Apples to oranges. Per contract law, you might be legally bound to buy the couch, but there are other state laws which might allow buyers to back out of retail contracts. Besides: if you walked into a store and said “I’ll buy that couch there,” at what point WOULD you think that you were legally obligated to buy the couch? Per contract law, you’d probably be bound, no?

              • Billy says:

                One other thing. Your couch situation is further delineated by the whole “invitation to bargain” wrinkle in contract law. The facts of this case simply don’t apply to the couch situation.

                The linked-article has more info about what was actually said between the parties.

          • Thyme for an edit button says:

            Such as contracts for the sale of real estate, which is what the commenter I replied to mentioned.

        • axhandler1 says:

          Not if you were drunk at the time!

      • dnrobert24 says:

        “I’ll buy your house for $1 million” is an offer. However, it is an offer to sell real property, so it must be in writing to be enforceable by statute (Statute of Frauds). “I’ll buy your tickets for $1,100″ is also an offer. Unlike an offer to sell real property, it is enforceable so long as it is accepted. Acceptance can be made paying consideration. Consideration is made either by taking some action that is to the benefit of the other party or taking some action that is to your own detriment. She did the latter. Open and shut year one law school example of a unilateral contract. Yes, it is binding.

        The dude’s bigger problem is he also defrauded her. He made an intentional misrepresentation of material fact with the intent of inducing her to take an action to her detriment, which she relied on. Unlike breach of contract, intentional fraud carries the potential for punitive damages.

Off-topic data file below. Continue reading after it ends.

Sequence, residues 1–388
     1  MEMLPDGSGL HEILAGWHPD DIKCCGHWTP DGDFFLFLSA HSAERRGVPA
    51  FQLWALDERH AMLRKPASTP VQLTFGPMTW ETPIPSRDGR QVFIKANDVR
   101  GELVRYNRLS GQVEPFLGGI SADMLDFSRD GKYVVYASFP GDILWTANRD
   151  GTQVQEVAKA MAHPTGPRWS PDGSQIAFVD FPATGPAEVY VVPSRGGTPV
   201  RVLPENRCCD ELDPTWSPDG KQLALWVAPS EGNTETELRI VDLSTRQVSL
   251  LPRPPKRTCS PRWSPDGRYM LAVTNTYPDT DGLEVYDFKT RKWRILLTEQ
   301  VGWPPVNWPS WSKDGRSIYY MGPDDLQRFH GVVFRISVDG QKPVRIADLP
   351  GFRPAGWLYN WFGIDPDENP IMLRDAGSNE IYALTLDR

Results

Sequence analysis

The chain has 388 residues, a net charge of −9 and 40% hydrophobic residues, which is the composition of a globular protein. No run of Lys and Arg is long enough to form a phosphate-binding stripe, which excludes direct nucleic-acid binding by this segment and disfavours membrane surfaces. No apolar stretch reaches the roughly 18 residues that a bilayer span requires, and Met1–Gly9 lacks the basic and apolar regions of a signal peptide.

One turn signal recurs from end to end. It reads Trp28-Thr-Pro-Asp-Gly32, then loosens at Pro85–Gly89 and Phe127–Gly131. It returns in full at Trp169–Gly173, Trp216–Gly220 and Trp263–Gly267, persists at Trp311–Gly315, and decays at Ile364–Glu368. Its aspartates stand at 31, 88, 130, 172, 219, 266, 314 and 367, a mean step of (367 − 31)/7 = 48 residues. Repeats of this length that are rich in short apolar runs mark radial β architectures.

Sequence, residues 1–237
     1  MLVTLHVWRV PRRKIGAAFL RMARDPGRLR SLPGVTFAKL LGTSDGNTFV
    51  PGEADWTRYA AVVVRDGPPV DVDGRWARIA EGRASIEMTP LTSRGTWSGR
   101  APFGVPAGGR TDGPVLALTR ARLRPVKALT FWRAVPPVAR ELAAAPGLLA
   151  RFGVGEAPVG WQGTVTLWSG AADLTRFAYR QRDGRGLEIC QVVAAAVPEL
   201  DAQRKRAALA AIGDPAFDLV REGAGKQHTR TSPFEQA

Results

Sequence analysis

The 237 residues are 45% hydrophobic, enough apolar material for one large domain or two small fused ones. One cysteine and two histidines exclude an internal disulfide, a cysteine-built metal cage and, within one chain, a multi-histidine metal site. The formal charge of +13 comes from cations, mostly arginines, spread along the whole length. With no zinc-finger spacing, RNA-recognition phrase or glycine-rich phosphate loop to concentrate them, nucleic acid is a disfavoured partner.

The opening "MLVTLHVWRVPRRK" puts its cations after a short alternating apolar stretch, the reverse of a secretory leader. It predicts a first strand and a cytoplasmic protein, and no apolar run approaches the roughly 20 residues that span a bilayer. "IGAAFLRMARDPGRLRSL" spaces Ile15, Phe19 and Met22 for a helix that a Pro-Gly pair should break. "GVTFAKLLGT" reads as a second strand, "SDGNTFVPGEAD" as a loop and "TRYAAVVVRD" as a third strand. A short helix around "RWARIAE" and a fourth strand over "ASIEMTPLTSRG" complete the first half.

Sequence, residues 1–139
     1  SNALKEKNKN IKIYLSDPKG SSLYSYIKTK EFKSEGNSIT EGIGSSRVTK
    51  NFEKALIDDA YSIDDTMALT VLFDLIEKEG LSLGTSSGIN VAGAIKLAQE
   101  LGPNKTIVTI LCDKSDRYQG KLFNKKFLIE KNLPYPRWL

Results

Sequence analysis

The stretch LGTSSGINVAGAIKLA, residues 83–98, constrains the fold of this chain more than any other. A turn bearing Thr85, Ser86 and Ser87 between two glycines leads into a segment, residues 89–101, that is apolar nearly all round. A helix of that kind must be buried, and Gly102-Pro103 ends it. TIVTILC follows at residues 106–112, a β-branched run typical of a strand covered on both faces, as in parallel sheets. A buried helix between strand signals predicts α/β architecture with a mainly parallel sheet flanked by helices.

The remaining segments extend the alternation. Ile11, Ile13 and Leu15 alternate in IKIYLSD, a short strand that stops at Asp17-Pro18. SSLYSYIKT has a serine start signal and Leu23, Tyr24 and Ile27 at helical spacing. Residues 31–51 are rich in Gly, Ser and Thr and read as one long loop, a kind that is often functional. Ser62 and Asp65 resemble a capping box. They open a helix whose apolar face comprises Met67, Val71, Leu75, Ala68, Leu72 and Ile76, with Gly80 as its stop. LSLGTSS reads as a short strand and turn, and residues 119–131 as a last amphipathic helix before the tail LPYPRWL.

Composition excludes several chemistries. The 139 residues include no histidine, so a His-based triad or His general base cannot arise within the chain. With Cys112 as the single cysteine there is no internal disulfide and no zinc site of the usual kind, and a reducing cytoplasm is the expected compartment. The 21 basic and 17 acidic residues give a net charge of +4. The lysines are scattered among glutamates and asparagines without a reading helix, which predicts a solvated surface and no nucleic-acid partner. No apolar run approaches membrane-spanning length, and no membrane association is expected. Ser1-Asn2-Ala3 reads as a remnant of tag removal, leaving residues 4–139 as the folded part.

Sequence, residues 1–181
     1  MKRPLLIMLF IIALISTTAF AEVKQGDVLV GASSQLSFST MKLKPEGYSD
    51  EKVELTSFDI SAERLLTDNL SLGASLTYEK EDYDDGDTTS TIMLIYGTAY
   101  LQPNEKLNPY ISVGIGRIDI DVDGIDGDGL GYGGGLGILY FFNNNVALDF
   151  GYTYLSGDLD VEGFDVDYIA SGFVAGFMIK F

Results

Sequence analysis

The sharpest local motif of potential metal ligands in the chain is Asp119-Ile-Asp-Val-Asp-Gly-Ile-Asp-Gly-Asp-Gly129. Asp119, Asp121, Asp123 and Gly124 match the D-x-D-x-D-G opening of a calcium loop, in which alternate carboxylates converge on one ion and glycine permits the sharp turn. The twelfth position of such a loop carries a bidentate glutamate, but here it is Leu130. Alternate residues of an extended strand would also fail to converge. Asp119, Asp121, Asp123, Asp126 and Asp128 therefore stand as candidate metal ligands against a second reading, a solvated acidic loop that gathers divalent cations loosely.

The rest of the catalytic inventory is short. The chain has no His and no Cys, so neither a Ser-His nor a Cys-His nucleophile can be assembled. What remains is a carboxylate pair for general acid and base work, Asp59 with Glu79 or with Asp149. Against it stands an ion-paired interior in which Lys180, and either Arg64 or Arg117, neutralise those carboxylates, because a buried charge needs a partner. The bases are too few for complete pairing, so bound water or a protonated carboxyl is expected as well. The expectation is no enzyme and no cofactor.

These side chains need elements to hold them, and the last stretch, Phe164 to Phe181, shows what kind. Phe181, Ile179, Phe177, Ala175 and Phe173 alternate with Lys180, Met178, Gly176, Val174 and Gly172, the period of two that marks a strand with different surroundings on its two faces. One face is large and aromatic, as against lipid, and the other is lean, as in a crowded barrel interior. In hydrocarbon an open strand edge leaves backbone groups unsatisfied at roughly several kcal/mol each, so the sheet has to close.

• putch says:

          I think the dude’s biggest problem is that he turned around and bragged about it on the internet.

        • Luckier says:

          Aha! But her fulfilling her eBay contract was a prior obligation, so it can’t also be a detriment to her as consideration. Boom – defense lawyered. ; )

          • stock2mal says:

            Exactly, I pointed that out earlier. She was already supposed to be the legal owner of the tickets, so the offer of $1000 should have had no bearing on her decision to pay for the tickets she had already agreed to purchase.

          • dnrobert24 says:

            How about this? According to the Reddit post, she agreed to meet the guy outside the event to give him the tickets for $1,100. We don’t know if she went or not. Maybe she went halfway and got the call, maybe 1/4 way, but it doesn’t matter, so long as she offered some level of performance of consideration towards accepting the unilateral contract other than just paying the previous debt owed. The con got her to at least agree to do more than she was originally able to do. Thus, she DID accept his offer.

            The more important question might be, what’s the jurisdiction?…

      • Clyde Barrow says:

        Mytwo bits.

        If I remember contract law, first a person has to make the “Offer”, then there is the “Acceptance” and then “Consideration”. You cannot give an acceptance to an offer that was never made. I believe that is called “past consideration”.